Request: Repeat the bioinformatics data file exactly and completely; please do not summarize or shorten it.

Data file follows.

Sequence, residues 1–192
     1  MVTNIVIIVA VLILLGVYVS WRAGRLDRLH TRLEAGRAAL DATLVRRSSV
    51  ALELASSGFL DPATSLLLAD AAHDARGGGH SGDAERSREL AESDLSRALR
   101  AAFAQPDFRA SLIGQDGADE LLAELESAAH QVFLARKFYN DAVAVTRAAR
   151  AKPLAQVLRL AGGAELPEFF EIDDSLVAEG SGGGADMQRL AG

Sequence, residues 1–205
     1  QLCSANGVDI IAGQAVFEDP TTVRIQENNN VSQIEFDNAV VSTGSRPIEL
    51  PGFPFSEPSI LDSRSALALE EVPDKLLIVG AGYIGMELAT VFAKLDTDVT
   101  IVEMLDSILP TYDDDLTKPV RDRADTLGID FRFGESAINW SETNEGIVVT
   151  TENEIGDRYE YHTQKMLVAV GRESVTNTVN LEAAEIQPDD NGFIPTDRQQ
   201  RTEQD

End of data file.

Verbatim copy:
Sequence, residues 1–192
     1  MVTNIVIIVA VLILLGVYVS WRAGRLDRLH TRLEAGRAAL DATLVRRSSV
    51  ALELASSGFL DPATSLLLAD AAHDARGGGH SGDAERSREL AESDLSRALR
   101  AAFAQPDFRA SLIGQDGADE LLAELESAAH QVFLARKFYN DAVAVTRAAR
   151  AKPLAQVLRL AGGAELPEFF EIDDSLVAEG SGGGADMQRL AG

Sequence, residues 1–205
     1  QLCSANGVDI IAGQAVFEDP TTVRIQENNN VSQIEFDNAV VSTGSRPIEL
    51  PGFPFSEPSI LDSRSALALE EVPDKLLIVG AGYIGMELAT VFAKLDTDVT
   101  IVEMLDSILP TYDDDLTKPV RDRADTLGID FRFGESAINW SETNEGIVVT
   151  TENEIGDRYE YHTQKMLVAV GRESVTNTVN LEAAEIQPDD NGFIPTDRQQ
   201  RTEQD